# Statistics used from expression columns in statistical views

The query optimizer can use statistics from the expression columns in statistical views to obtain accurate cardinality estimates, which results in better access plans.

For more information about statistical views, see Statistical views.

Important: Hadoop and HBase tables use the ANALYZE command to gather statistics, and the
RUNSTATS command is used to collect statistics for statistical views. Running the RUNSTATS command
against Hadoop and HBase tables is not recommended, because doing so clears any previously collected
statistics.

Consider a query that uses the UCASE scalar
function:

`SELECT * FROM t1, t2 WHERE t2.c2 = UCASE(t1.c1)`

The query optimizer can use the statistics from a statistical view for these types of queries to obtain better access plans.

The earlier example query would benefit from a statistical view
that includes the UCASE scalar function on column c1. The following example
creates a view that includes the UCASE scalar function on column c1.

```
CREATE VIEW sv AS (SELECT UCASE(c1) AS c1 FROM t1)
ALTER VIEW sv ENABLE QUERY OPTIMIZATION
RUNSTATS ON TABLE dba.sv WITH DISTRIBUTION
```

In another example, consider a query that uses the references to ARRAY
elements or ROW fields for columns in a Hadoop
table:

```
CREATE HADOOP TABLE t1 (
c1 INT, c2 INT ARRAY[32])
;
CREATE VIEW sv_t1 (a)
AS (SELECT c2[1] FROM t1)
;
ALTER VIEW sv_t1
ENABLE QUERY OPTIMIZATION
;
RUNSTATS ON VIEW sv_t1 WITH DISTRIBUTION;
```

A
query that references the ARRAY element expression c2[1] in a predicate can
then make use of the statistics that are generated by this statistical view.To obtain statistics for these types of queries, one side of the predicate must be an expression that matches an expression in the statistical view column definition exactly.

Here are some examples where the query optimizer does not use the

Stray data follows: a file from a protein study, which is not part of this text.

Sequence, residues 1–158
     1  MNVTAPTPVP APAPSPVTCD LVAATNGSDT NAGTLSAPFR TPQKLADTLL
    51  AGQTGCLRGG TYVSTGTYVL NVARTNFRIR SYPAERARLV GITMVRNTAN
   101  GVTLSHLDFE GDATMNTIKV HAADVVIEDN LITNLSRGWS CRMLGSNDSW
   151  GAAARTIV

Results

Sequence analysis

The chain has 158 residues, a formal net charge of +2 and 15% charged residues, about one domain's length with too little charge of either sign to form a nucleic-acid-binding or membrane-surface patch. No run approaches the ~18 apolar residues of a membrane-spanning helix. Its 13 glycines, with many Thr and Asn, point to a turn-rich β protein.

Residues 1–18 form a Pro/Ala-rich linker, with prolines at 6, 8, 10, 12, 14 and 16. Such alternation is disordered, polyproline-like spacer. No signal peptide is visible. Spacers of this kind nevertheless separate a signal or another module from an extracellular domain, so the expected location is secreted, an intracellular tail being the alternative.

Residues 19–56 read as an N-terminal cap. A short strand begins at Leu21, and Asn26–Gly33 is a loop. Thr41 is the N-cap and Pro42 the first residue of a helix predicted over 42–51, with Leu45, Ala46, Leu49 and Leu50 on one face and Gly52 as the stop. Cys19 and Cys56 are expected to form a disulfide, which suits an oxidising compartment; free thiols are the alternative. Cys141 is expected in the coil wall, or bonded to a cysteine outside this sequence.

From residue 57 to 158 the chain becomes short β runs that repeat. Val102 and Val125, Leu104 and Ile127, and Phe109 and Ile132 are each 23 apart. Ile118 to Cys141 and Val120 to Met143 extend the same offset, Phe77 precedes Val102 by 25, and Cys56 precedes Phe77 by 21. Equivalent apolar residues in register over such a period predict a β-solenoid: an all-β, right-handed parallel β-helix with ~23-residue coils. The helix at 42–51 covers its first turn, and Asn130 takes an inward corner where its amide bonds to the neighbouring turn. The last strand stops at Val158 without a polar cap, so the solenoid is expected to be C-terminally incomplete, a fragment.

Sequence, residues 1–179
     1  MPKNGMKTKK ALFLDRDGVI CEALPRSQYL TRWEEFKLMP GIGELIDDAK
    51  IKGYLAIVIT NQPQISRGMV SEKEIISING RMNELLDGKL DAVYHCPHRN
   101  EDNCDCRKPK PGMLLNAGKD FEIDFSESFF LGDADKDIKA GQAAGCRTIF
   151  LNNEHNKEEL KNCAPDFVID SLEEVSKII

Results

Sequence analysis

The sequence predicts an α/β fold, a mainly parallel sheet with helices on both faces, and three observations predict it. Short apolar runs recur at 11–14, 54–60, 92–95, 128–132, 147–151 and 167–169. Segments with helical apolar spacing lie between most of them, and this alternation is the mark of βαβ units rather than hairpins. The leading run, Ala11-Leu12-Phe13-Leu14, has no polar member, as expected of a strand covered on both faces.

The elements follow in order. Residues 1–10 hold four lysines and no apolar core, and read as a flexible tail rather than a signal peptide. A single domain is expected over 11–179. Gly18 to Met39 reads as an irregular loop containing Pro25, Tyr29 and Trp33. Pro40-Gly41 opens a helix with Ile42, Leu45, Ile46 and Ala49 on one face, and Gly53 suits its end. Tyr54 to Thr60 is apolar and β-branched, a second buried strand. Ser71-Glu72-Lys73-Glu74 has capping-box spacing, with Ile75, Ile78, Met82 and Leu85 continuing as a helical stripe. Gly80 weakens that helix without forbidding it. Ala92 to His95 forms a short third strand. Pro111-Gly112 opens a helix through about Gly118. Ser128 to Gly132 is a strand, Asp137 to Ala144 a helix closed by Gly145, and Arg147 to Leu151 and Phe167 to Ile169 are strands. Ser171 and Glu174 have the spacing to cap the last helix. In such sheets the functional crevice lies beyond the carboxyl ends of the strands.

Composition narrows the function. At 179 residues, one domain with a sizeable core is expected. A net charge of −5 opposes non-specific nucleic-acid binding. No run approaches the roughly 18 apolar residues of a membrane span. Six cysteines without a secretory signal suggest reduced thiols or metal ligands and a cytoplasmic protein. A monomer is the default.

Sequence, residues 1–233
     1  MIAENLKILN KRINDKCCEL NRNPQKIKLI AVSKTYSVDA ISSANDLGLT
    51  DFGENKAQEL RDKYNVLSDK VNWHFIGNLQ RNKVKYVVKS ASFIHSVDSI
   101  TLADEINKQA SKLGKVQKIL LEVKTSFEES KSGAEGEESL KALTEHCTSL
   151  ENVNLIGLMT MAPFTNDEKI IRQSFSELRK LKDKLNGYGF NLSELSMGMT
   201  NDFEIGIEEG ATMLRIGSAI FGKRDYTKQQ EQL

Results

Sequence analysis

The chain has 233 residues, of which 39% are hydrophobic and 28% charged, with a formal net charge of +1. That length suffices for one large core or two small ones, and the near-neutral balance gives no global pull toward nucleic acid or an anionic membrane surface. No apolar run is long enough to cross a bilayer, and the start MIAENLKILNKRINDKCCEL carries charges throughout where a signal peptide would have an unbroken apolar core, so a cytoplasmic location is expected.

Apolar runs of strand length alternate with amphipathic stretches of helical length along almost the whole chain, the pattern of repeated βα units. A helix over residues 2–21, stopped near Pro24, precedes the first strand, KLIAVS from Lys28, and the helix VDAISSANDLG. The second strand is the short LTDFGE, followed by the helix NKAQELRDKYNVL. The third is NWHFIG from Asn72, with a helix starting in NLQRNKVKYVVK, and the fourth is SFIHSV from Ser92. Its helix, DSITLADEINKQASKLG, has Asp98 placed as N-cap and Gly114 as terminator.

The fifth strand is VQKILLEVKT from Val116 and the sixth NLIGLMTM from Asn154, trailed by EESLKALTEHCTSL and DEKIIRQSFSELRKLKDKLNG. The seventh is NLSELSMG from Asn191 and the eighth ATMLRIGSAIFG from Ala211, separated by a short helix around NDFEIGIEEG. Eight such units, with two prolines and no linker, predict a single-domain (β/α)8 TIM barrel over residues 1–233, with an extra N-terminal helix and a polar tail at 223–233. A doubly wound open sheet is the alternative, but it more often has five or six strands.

statistics from a statistical view:

- One side of the predicate in the query is an expression that is
matched with more than one expression column in a statistical view:

Here the expression`create view SV14(c1, c2) as (select c1+c2, c1*c2 from t1 where c1 > 3); alter view SV14 enable query optimization; runstats on table schema.sv1 with distribution; select * from t1 where (c1+c2) + (c1*c2) > 5 and c1 > 3;`

`(c1+c2) + (c1*c2)`

matched to two columns in view SV14. The statistics of view SV14 for this expression are not used. - One side of the predicate in the query is an expression that is
partially matched with an expression column in a statistical view:

Here the expression`create view SV15(c1, c2) as (select c1+c2, c1*c2 from t1 where c1 > 3); alter view SV15 enable query optimization; runstats on table schema.SV15 with distribution; select * from t1 where (c1+c2) + 10 > 5 and c1 > 3;`

`(c1+c2) + 10`

is partially matched to`c1+c2`

in view SV15. The statistics of view SV15 for this expression are not used. - One side of the predicate in the query is indirectly matched to
an expression column in a statistical view:

Here the column TB.C1 indirectly matches the expression`create view SV16(c1, c2) as (select c1+c2, c1*c2 from t1 where c1 > 3); alter view SV16 enable query optimization; runstats on table schema.SV16 with distribution; select * from t3 left join table (select ta.c1 from t2 left join table (select c1+c2,c3 from t1 where c1 > 3) as ta(c1,c3) on t2.c1 = ta.c3) as tb(c1) on t3.c1= TB.C1;`

`c1+c2`

in view SV16. The statistics of view SV16 for this expression are not used.